Fingerprinting (often referred to as browser fingerprinting) is a term associated with the process of collecting a broad range of computer and browser information through a user’s web browser to uniquely identify a user and/or device. Fingerprints are used to identify a device when other persistent identifiers such as cookies cannot be read or stored by a website. A fingerprint is created by combining various data points from a device and/or browser that are accessible to every website when visiting their page. This could include the browser version, installed browser extensions, and plugins (including their versions), hardware properties, list of fonts, canvas and WebGL, HW benchmarking, language, time zones, OS version, screen characteristics, and menu bars.
Statistically, there is a very small chance that two or more devices will have identical set-ups and configurations, you can view how unique your configurations and setup are here. Fingerprints are especially strong given they can detect a device over an extended period even if certain parameters of the fingerprint are altered, with IP addresses changed, or even behind a VPN.
While fingerprinting techniques were initially created as a method for banks to detect fraud and prevent identity theft, today, they are used to track users across websites in order to compile long-term records of individuals’ browsing histories, and deliver targeted advertising or targeted exploits to users; thus, raising serious privacy concerns. For this reason, browsers (Safari, Chrome, and Firefox to name a few) have recently begun making changes to limit the amount of data they expose to websites, and to make users look more alike, creating a kind of “herd immunity”.
The good news is that mobile browsers provide much less data, and already provide the aforementioned “herd immunity” against the type of fingerprinting common on desktops. iOS devices especially are much less fragmented, making them greatly immune to fingerprinting.
AppsFlyer’s Probabilistic Modeling:
Probabilistic modeling is a statistical technique to estimate campaign performance and can’t be used to uniquely identify a user and/or device. It leverages machine learning to estimate campaign performance without compromising on privacy. Unlike fingerprinting, which seeks to maximize captured data points from each user to create a unique identifier that can be used to track users over an extended period and across websites, AppsFlyer’s probabilistic modeling seeks to do the exact opposite; minimize the captured data points and prevent the ability to create a unique persistent or permanent identifier that can be used to identify a user and/or device and is not used for targeting or profiling.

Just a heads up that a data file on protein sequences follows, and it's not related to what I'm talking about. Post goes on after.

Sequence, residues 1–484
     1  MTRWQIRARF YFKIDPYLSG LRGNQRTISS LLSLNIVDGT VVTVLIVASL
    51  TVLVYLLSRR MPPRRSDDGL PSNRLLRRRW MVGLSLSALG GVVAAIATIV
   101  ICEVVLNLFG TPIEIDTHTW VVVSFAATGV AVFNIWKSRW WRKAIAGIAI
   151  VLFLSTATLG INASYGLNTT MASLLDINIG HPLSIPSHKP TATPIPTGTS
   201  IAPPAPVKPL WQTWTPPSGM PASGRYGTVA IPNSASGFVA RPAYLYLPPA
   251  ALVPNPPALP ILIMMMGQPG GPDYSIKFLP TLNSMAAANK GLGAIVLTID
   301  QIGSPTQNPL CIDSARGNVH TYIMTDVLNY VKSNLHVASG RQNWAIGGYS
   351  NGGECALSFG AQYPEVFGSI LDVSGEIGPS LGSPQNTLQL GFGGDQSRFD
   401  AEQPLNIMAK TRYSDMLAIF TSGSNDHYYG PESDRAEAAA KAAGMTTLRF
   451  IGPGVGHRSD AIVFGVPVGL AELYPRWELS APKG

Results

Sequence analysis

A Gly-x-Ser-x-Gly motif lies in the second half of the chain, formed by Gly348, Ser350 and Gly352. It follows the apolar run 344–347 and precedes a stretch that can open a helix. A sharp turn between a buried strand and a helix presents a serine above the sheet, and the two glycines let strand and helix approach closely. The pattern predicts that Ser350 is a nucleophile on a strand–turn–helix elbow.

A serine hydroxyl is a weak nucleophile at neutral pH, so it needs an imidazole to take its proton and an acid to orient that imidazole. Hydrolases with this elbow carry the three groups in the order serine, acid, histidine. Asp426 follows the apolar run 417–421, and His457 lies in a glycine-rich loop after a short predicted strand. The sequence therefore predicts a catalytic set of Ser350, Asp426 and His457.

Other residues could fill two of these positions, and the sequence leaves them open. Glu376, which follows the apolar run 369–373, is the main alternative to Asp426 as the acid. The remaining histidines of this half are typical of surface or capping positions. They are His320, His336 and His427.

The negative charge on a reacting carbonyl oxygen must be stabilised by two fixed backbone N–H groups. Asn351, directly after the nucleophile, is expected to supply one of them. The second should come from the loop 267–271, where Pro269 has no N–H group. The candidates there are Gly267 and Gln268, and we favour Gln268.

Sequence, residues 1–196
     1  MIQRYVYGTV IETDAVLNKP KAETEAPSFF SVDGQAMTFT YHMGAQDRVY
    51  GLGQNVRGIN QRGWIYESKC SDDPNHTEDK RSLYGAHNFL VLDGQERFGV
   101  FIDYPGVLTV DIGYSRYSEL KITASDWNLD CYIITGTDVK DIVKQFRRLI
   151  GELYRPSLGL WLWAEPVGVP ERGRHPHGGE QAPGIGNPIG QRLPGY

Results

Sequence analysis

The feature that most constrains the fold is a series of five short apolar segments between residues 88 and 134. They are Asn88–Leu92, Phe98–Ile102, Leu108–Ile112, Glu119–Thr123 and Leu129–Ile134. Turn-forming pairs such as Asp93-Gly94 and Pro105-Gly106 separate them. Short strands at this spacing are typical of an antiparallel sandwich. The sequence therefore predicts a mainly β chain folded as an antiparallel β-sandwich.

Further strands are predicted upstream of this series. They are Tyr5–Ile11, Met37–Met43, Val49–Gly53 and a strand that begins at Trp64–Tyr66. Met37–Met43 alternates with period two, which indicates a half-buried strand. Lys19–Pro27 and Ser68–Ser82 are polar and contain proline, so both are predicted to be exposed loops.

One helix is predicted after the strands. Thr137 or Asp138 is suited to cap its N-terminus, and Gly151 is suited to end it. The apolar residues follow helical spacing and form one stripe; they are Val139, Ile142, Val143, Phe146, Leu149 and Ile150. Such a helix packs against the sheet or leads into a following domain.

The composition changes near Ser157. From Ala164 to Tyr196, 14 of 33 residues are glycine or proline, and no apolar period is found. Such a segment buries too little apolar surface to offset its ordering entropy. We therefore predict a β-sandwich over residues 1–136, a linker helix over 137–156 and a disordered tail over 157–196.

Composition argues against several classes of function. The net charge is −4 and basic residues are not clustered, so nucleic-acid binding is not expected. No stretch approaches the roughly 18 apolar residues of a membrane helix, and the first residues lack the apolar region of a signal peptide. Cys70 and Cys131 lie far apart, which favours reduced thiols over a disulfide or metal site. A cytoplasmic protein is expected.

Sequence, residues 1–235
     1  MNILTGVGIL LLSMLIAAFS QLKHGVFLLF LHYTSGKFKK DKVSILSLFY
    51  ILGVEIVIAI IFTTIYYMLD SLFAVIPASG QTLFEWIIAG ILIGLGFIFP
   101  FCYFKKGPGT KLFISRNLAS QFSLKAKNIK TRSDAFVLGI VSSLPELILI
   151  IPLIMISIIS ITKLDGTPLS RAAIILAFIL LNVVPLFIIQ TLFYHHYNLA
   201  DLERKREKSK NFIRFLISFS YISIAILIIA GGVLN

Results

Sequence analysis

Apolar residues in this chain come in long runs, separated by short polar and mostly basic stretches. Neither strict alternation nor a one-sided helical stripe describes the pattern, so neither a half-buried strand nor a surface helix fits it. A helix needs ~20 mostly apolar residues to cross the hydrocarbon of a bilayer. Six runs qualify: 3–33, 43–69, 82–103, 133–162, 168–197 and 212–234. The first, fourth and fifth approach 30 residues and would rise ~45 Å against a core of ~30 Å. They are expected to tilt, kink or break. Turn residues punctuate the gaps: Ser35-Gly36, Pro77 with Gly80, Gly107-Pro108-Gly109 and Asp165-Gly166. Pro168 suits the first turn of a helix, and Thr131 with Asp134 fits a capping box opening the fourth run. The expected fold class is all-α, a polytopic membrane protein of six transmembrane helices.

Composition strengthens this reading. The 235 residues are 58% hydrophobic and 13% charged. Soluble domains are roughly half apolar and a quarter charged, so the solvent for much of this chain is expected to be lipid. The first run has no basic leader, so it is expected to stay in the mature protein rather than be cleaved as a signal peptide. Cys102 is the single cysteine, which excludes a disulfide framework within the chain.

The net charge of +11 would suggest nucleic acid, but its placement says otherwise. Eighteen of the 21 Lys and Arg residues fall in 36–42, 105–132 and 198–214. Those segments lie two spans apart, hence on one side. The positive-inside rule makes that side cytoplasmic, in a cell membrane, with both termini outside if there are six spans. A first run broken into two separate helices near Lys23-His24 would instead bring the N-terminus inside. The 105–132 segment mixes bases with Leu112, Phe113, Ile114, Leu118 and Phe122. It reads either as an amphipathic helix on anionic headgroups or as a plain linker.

Probabilistic modeling measures the app developers’ owned creative and campaign details, not data from the apps in which the ads are served. Moreover, in most cases, the app in which the ad was served is unknown.
Where fingerprints are used to create detailed profiles of users to enable precise targeting (at any point in time and on any site), probabilistic modeling is employed with the sole purpose of estimating aggregate campaign performance of paid and owned media (such as websites, social media platforms, emails, and user referrals).
While fingerprinting is used as a proxy to aggregated campaign performance, we have found that more accurate measurement can be achieved on an aggregated level in a non-deterministic world. Simply because the machine learning goal is to maximize the accuracy of the campaign’s aggregated performance, not the end-user attribution accuracy.
In other words, while the goal of fingerprinting attribution is to try and minimize false-positives and negatives, probabilistic modeling can provide much better aggregated campaign performance accuracy and much better user privacy. This is why lookback windows cannot be defined.
The following table presents an easy way to view the significant differences between traditional browser fingerprinting and probabilistic modeling:
| ||Fingerprinting||AppsFlyer’s Probabilistic Modeling|
|Equivalent to unique and/or persistent ID||Yes||No|
|Can be used to uniquely identify a device||Yes||No|
|Can be used to track users across sites/apps (cross-site tracking)||Yes||No|
|Relies on vast amounts of user-device and browser data||Yes||No|
|Can be used to create profiles||Yes||No|
|Can be used to target users||Yes||No|
|Can identify a device even when users hide behind VPNs or alternate IPs||Yes||No|
|Privacy||Can be leveraged in intrusive ways||Friendly|